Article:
Given the expansion of information and communication technology and the growth of the digital market, conglomerate mergers have regained traction, which could be due to various factors such as exploring new industries or hedging against extreme risks. In preparation for the anticipated growth of conglomerate mergers in the corporate environment, this article provides a knowledge product of the meaning of conglomerate mergers, examples, and the advantages and disadvantages of a conglomerate merger.
Meaning of Conglomerate Merger
A Conglomerate merger is one of the three types of mergers. It involves companies that are not competitors in the product market and are not in a supply relationship. The companies’ products can be one of three types:
1. Complementary Products
Companies going into a conglomerate merger could have complementary products that can be or, in some cases, must be used together. For example, a company that makes toothpaste and a company that makes toothbrushes. The two companies might go into the merger hoping to get more value from consuming the products together than they will from using them separately.
2. Weak Substitute Products(neighbouring goods)
This means that the products have comparable traits or applications but are not sufficiently substitutable for antitrust considerations to be considered in the same product market.
3. Unrelated Products
That is, they are neither replacements nor complements for consumers. However, the items may share similar manufacturing processes or be part of a brand’s product family. Consider a company that makes engines for aero planes and another that makes engines for motorboats.
In summary, a conglomerate merger is a merger of two enterprises that are unrelated to one another. The two businesses are in entirely different industries in other parts of the country.
Pure and mixed conglomerate mergers are the two types of conglomerate mergers. A pure conglomerate merger occurs when two companies with nothing in common unite. In comparison, a diverse conglomerate merger occurs when the goal of merging companies is to grow their market and obtain more customers or extend their product range.
Conglomerate mergers are undertaken for various reasons, some of which are based on observable economic efficiencies, but not all are. Conglomerate mergers, for instance, can result in significant economies of size and scope by allowing companies to share distribution networks, manufacturing processes, standard components, skills, expertise, intellectual property, and even management. Mergers of complementary product companies, for example, might facilitate collaborative marketing, branding, and price strategies, as well as encourage investments in building product systems. Mergers involving weak substitutes can enable companies to devise a plan for differentiating their products and focusing on distinct types of customers. By merging different manufacturing processes or sharing specific inputs, mergers involving items unconnected from consumers’ standpoint might yield better company scope economies.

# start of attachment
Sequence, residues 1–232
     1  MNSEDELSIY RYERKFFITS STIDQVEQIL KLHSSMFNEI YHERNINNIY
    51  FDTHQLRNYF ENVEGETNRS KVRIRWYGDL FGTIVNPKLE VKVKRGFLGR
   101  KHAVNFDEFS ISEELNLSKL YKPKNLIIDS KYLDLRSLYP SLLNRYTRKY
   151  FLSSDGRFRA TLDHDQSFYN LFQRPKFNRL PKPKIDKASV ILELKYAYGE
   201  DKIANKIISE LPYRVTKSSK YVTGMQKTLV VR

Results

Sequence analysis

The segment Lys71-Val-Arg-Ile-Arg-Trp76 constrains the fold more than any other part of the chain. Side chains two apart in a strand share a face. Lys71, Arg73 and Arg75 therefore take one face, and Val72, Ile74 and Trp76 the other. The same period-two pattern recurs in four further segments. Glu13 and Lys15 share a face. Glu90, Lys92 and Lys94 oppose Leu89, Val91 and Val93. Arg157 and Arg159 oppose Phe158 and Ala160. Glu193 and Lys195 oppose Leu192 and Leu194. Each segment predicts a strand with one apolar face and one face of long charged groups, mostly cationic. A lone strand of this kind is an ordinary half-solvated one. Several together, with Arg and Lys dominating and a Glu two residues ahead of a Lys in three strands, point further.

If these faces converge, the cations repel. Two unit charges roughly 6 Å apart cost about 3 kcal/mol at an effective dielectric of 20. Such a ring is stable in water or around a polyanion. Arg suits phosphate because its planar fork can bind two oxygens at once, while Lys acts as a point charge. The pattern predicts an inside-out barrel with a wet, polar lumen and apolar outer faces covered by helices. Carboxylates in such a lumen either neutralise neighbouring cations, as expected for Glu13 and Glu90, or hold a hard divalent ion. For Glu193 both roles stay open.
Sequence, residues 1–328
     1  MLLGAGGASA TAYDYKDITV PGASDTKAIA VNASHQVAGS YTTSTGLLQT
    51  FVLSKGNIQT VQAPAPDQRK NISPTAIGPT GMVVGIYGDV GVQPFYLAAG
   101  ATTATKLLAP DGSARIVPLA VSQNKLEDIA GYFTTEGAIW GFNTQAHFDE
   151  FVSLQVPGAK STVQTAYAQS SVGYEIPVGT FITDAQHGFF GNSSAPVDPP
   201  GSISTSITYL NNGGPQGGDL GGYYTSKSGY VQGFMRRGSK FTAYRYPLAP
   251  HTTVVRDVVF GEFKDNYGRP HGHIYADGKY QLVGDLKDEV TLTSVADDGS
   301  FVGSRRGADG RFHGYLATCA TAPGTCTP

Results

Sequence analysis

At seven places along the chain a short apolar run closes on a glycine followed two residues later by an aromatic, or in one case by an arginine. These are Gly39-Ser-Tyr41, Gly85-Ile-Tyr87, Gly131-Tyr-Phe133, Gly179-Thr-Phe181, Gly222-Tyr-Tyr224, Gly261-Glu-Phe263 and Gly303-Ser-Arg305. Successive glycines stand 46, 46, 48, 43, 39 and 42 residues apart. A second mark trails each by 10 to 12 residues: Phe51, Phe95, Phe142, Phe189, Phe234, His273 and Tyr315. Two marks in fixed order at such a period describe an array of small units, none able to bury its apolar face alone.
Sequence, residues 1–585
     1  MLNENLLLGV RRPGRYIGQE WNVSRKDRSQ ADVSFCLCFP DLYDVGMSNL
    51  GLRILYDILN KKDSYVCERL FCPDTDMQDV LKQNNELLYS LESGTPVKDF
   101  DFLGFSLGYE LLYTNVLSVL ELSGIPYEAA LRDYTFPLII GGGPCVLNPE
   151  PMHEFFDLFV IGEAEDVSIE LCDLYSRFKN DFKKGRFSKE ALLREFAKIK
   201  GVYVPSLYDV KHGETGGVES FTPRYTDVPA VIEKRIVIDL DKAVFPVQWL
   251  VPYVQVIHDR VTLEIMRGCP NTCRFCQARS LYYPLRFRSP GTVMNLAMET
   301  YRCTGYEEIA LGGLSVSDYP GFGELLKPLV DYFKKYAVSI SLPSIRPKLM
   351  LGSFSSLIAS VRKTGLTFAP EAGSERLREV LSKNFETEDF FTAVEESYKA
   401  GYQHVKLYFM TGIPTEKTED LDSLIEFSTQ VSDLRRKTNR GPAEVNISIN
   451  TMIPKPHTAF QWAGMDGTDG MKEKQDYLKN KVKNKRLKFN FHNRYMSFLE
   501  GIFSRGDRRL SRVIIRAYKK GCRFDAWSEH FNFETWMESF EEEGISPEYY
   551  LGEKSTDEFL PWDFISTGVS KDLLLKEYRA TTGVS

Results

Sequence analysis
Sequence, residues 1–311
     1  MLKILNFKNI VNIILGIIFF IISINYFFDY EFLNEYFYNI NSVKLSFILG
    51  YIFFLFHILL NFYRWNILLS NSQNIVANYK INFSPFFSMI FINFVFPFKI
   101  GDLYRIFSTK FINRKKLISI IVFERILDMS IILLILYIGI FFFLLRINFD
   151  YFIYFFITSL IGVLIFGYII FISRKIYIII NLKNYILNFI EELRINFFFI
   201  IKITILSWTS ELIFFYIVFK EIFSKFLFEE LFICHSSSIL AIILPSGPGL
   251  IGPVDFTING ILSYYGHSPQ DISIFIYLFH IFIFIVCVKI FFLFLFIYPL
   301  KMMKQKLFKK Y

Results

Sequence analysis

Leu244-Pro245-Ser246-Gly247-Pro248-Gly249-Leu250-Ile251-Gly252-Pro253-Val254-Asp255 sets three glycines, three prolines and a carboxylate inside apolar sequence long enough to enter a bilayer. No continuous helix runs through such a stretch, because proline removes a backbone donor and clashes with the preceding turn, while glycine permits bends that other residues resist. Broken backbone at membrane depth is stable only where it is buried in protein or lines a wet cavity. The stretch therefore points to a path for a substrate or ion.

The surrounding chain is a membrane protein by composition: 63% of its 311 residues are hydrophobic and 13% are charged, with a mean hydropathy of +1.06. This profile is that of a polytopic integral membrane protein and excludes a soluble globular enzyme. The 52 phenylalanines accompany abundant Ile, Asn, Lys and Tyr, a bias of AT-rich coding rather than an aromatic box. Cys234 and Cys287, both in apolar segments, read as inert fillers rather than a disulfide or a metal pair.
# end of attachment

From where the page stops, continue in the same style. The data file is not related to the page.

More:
In addition to these efficiencies, there are four main hypotheses behind conglomerate mergers:
According to the resources theory, companies merge because they have excess resources that are difficult to sell. This is an example of internal know-how, indivisible assets, and personal data that cannot be sold due to privacy restrictions.
The internal capital market theory proposes that conglomerate mergers are a method for a company to use its extra cash without having to lend it out. Internal sources of capital can help a company be more nimble, competitive, and able to move between successes and failures in fast-changing markets. Furthermore, digital conglomerates might have greater internal market intelligence.
Market power theory opines that conglomerate mergers are employed as a strategy to produce unilateral or coordinated effects through foreclosure.
According to agency theory, managers may push conglomerate mergers for their benefit rather than for the use of shareholders. This hypothesis proposes that corporate managers may be motivated by “empire building” rather than profitability in some situations.
Mergers of conglomerates can also be motivated by factors other than economic efficiency. They can, for example, assist businesses in lowering their taxes, obtaining government subsidies, and diversifying risk, though proof of the latter in terms of contributing to firm value is weak. Conglomerate mergers can also be used to connect the activities of companies in different geographic marketplaces. Due to the constraints of attaining scale and overcoming institutional concerns, such as dealing with counterparties while negotiating contracts, conglomerate mergers may be particularly appealing in small or developing economies.